In any case, the fact that Battlesector is extremely faithful to the source material does make the game shine in a lot of areas. There are plenty of units that are pretty fun to play with. There are the Inceptors with their jump packs that can quickly move around the map and harass enemies. Then there are also the Dreadnoughts which can soak a lot of damage and unleash hell amongst the enemy ranks, right in their faces. If you’re a Warhammer 40k fan, there’s plenty to enjoy here.
Visually, the game looks great. Still, it’s not a grim-looking game, as one might have expected from a game that takes place in the grim darkness of the far future. Most of the weapon’s visual effects are pretty well done and animated. From regular bolters to the slow and devastating plasma shots, the battlefield can sometimes look like a fireworks show. I’m not a huge fan of the Tyranids, but the Blood Angels are clad in their gorgeous distinct red armour that immediately stands out in whatever environment they’re in.
In addition, the sound is pretty on point. The weapons feel powerful and impactful, with every single shot fired from a bolter really making it feel like it does pack quite a punch. Likewise, the voice acting is exceptionally well done. Even though the story isn’t the most engaging, the dialogue and writing certainly make up for it. The music also has its epic moments, as most Warhammer games tend to have. The combat music is a bit of hit or miss, but I did stay in the main menu listening to its theme quite a few times. It’s just that good.
Besides the novelty of being a Warhammer 40k game, as a turn-based game, Battlesector left me wanting for more. Sure, it’s cool to see the game in motion, units triggering overwatch, flanking armoured enemies and engaging in melee combat, but there isn’t anything about it that makes it feel special. It’s a decent and entertaining turn-based game at best. If you were hoping for this to be a groundbreaking game or a must-play for turn-based fans, then I’m afraid you’ll be disappointed.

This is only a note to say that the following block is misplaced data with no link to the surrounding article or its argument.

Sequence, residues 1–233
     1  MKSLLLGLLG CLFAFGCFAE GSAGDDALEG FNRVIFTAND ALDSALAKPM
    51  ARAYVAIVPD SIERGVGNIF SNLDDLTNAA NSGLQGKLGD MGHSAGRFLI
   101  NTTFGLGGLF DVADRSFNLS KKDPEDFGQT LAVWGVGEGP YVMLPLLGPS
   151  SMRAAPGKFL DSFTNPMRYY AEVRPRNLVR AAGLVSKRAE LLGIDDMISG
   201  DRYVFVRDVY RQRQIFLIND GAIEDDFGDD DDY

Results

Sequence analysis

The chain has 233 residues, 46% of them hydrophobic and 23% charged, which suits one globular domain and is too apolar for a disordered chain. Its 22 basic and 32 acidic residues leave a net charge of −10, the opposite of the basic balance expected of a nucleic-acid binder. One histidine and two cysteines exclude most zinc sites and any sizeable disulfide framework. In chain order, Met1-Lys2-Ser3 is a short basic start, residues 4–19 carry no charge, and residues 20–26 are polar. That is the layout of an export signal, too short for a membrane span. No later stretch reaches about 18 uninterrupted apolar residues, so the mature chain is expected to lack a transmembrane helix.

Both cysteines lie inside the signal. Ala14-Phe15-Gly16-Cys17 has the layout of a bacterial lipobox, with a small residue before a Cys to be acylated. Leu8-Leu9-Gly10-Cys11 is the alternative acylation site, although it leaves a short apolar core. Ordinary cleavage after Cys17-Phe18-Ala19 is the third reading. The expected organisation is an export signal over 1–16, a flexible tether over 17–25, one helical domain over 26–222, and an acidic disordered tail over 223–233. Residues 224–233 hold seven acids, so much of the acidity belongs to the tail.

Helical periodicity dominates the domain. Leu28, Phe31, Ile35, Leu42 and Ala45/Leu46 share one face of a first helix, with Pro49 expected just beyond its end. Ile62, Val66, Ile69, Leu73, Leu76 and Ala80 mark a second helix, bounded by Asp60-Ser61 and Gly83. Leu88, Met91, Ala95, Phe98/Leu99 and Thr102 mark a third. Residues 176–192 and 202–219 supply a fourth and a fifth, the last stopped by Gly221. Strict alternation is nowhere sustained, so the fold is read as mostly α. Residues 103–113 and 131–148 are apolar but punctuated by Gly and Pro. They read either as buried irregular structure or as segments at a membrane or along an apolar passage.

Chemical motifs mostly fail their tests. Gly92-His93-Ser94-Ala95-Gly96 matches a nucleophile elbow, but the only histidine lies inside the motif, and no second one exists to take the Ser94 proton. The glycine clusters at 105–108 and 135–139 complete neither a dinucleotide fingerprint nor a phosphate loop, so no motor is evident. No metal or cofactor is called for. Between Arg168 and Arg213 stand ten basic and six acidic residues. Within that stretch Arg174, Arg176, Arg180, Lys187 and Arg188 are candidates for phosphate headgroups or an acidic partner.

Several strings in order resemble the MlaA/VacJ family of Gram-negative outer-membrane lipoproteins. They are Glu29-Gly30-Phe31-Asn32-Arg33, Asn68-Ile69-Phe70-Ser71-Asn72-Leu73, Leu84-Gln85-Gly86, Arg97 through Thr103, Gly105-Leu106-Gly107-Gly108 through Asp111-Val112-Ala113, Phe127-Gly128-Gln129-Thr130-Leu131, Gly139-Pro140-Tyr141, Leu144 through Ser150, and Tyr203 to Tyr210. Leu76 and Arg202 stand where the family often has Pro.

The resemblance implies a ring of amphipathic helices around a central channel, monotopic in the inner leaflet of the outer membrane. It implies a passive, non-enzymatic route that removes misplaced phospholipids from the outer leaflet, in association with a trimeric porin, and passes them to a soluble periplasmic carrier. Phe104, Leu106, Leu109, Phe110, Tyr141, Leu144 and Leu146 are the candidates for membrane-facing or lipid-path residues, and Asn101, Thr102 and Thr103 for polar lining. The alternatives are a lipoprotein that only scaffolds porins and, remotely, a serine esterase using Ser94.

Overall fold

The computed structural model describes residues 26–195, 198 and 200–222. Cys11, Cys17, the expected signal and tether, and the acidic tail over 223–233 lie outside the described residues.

The single-player campaign is good for what it is. As I’ve already mentioned, I didn’t find the story to be that charming, but some of the characters do carry the game forward, partially also thanks to the incredible voice acting. Brother Quindar, in particular, is a force to be reckoned with. A Librarian Dreadnought who is starting to show his age was clearly the star of the show for me.
In terms of structure, the campaign provides a constant sense of progression. As you complete each mission, not only you’ll unlock new units, but you’ll also gain points to spend on upgrades. These upgrades range from basic stat boosts, to new weapons and even powerful abilities. Speaking of which, the way the game balances out things in the campaign is by imposing an army point limit for each mission. Basically, each mission gives you a set number of points that you can use to deploy your army. These points aren’t only used to get units, but also weapons that you may have unlocked for them. At least the main hero units are free of charge. In any case, the Tyranids always outnumber you, so you have to use terrain and your abilities to turn the tide of battle.
Unfortunately, mission design is one of Battlesector’s weakest points. Although there is a fair degree of variation in regards to environments, the objectives always boil down to killing all Tyranids. There are a few missions where you have to reach a specific spot, or defend a key location, but after doing that, it always tends to go back to “Exterminate all Tyranid forces”. Nevertheless, the campaign does feature a decent variety of scenarios, ranging from old Dark Age of Technology ruins, to more basic open areas.
Nevertheless, if Black Lab Games track record with Battlestar Galactica Deadlock is anything to go by, the future of Battlesector should be a good one. I’m sure the game will eventually receive a good chunk of DLC, both paid as well as free. Hopefully, we’ll see more factions added to the game and the base game becoming more refined.Despite everything, although I’m a huge fan of turn-based combat games, I don’t consider myself a hardcore fan to the point of playing them in the most difficult settings. I tend to play them for the visual spectacle. With that in mind, I’m pretty happy with the time that I’ve spent in Battlesector. Overall, it’s a fun turn-based Warhammer 40k game that I easily recommend to any fans of the franchise. It might not be the most engrossing turn-based strategy game out there, but it certainly is worth your time.